DOWNTOWN — The northern lights could be visible from the Chicago area again on Thursday — but you'll need to prep for the best chance of seeing it.
Mark Subbarao, an astronomer with the Adler Planetarium, said he's only been able to see the northern lights once from Chicago. It's not terribly uncommon for the northern lights to reach to the city, he said, but it is "pretty challenging" to actually see them.
That's because the city and surrounding suburbs have tall buildings and light pollution that can block out them out, Subbarao said.
Another challenge for those trying to watch on Thursday night: The forecast calls for clouds in Chicago, which could obscure the aurora borealis, Subbarao said. There's also a nearly full moon that will brighten up the sky — a bad thing if you're trying to look at the lights.
"The moon and the clouds are gonna be our enemy on this one," Subbarao said.
But the lights coming through on Thursday night are expected to be more intense than usual, which could help out Chicagoans turning their eyes to the sky.
"This is an unusually powerful one," Subbarao said. That could make for a "pretty good opportunity" for viewers.
For the best shot at catching the aurora, you'll want to head away from the city's lights and buildings. That could mean heading out to the lakefront, where Subbarao has gone for viewing, or even into the suburbs. Be warned, though: Even the suburbs have light pollution that can make it difficult to view the aurora.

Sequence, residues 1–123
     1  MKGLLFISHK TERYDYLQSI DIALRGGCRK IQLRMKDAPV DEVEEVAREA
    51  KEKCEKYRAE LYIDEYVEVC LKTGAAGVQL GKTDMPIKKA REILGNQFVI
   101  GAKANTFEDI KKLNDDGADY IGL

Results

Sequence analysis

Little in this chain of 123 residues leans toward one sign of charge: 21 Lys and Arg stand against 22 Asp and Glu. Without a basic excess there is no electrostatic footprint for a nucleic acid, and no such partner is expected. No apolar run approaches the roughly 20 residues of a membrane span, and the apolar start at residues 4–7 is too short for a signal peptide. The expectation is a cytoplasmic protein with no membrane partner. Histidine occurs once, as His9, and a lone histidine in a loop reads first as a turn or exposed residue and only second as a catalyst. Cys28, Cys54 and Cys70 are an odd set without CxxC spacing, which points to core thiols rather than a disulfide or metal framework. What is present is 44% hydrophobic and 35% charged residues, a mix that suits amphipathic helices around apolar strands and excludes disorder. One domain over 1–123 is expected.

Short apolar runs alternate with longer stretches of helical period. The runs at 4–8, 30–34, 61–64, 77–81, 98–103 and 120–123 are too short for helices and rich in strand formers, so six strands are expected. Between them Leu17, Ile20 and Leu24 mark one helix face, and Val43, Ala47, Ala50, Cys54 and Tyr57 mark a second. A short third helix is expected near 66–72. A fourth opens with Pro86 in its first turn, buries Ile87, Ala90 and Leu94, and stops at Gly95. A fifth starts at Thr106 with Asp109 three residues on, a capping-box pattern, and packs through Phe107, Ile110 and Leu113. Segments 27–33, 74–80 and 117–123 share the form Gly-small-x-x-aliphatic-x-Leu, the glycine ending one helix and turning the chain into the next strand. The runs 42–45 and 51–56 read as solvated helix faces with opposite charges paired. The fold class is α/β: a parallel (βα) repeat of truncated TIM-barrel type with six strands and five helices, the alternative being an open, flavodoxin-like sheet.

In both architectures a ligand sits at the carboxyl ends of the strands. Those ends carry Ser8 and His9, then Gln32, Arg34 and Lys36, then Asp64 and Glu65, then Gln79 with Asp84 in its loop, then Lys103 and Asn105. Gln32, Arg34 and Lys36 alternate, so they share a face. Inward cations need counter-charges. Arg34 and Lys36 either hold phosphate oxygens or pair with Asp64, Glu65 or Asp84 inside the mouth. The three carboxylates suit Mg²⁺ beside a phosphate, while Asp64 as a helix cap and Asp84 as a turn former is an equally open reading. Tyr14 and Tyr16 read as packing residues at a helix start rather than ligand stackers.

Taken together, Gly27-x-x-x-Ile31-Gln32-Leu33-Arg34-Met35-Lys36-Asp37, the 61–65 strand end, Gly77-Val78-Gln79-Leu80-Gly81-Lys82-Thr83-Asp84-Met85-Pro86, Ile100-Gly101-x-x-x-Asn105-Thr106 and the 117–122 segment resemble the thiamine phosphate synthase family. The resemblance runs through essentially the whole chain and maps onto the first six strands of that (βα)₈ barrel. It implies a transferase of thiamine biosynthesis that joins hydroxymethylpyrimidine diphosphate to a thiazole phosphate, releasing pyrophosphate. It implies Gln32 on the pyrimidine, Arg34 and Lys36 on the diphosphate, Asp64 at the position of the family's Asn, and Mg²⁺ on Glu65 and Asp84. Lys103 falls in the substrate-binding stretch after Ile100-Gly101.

Look for a place with clear, dark skies, Subbarao said, and check out the forecast. Wait until at least an hour after sunset to start your serious viewing, and look north for the lights.
"Try to find the darkest spot you can," Subbarao said. "You'll see this sort of greenish glow. ... It's unlikely to be [the] sort of very clear, wispy bands you get in those sort of wonderful photographs just because we're a little far south for that.
"But seeing it at all is pretty cool."
If you can't spot the lights, Subbarao has another suggestion: Grab your eclipse glasses from last month's eclipse and look up at the sun once it's daylight. The sun has been "really active," he said, and sun spots will be visible even without the help of a telescope.
"It's pretty spectacular," Subbarao said. "It's one of the most interesting-looking suns I've seen."